Oxidation of Mercaptan, Dimethyl Sulfide in Aqueous Waste
Tert-butyl mercaptan (TBM) and dimethyl sulfide (DMS) are odorous compounds added to natural gas to warn of a gas leakage so that an alarm can be activated. In a storage project for gas produced from platforms offshore Ireland, TBM and DMS were expected to be present in a low-volume aqueous waste stream. Project developers designed an economical process to treat these compounds so that the stream could be accepted at a water treatment facility. Several permutations of plant design and disposal routes were evaluated, and an advanced oxidation process trial was found to yield a straightforward process for mercaptan treatment.
The business model of seasonal gas storage is to inject natural gas into an underground reservoir when gas is relatively cheap (summertime) and withdrawing the gas when the price is higher (wintertime). In this project, the injected gas is odorized with TBM and DMS to 4.7 ppmv and 1.3 ppmv, respectively. The proposed offshore storage reservoir is tied to the shore terminal by a 34-mile pipeline.
To inhibit hydrate formation, monoethylene glycol (MEG) and methanol (MeOH) will be injected into the withdrawn gas. The gas exiting the reservoir is expected to be water saturated and water will condense because of the loss of pressure as the gas travels up the wellbores and through the pipeline. At the shore terminal, the aqueous MEG/MeOH will be separated from the gas stream for recovery. The aqueous waste stream must be treated before disposal. Because the injected gas will contain TBM/DMS, the withdrawn gas and waste stream will contain these compounds, too. The waste stream will also contain trace amounts of native petroleum species (alkanes, aromatics, ammonia, etc).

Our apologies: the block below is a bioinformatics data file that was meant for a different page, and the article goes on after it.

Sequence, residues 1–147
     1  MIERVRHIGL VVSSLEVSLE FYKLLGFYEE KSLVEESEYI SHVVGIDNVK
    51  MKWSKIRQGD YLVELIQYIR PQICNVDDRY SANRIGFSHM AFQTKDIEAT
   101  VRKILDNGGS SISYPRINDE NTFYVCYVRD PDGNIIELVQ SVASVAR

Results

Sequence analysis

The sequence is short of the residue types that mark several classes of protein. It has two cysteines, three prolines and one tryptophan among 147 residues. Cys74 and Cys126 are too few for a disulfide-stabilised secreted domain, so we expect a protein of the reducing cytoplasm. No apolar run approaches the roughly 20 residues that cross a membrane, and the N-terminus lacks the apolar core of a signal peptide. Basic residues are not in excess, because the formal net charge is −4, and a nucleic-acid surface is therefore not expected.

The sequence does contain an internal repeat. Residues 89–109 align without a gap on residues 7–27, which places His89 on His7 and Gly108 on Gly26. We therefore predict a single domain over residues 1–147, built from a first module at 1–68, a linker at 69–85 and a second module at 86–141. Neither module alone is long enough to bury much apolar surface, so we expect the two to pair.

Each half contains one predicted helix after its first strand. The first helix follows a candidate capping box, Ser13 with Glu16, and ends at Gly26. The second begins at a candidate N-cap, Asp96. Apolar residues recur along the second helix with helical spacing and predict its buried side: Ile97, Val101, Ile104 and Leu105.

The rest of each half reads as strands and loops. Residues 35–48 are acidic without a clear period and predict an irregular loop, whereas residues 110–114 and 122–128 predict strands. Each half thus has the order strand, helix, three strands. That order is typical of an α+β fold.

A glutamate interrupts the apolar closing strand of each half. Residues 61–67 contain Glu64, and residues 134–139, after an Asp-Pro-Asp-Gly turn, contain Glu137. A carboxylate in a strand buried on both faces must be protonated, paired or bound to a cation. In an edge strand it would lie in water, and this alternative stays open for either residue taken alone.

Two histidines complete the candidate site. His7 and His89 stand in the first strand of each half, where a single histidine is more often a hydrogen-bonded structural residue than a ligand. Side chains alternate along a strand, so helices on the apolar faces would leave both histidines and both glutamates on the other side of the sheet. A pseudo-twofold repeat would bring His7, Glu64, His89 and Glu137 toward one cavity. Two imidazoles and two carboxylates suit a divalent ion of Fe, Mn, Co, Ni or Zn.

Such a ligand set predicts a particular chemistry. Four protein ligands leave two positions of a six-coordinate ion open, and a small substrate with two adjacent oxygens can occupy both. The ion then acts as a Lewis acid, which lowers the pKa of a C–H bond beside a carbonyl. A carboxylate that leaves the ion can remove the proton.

The waste stream is expected to have relatively low-volume flow rates on the order of 1 m3/d to 10 m3/d. This flow rate is seasonal and can change daily, even within the season, in line with fluctuating customer nominations. There is also considerable uncertainty at the upper flow limit, which makes it difficult to size the plant throughput.
Initial Treatment Options
The waste treatment options and disposal routes considered by the process developers were
- Basic site treatment and sea outfall
- Site treatment and ground infiltration
- Site treatment and surface discharge
- Collection and off-site treatment by a third party.
The site treatment methods were
- Biological aerobic
- Biological anaerobic
- Aerobic/anaerobic combinations
- Membrane or oxidative treatment
The sea outfall disposal route was discounted because the low flow rate made it uneconomic.
Site treatment was discounted because the a priori determination of waste flow rates was uncertain and could easily lead to overcapacity or undercapacity design. Furthermore, the combinations of biological treatment were discounted because of concerns about maintaining a viable biomass during the injection season, and maintaining a system to contain mercaptan odors that could raise erroneous gas leak warnings. Despite high confidence that biological methods could treat the waste, they were discounted on practical grounds.
Membrane and oxidative treatments of the waste on site would be expensive because of the MEG and MeOH loading and were discounted.
Complex combinations of the above processes were not considered feasible for a seasonally operated plant with low throughput.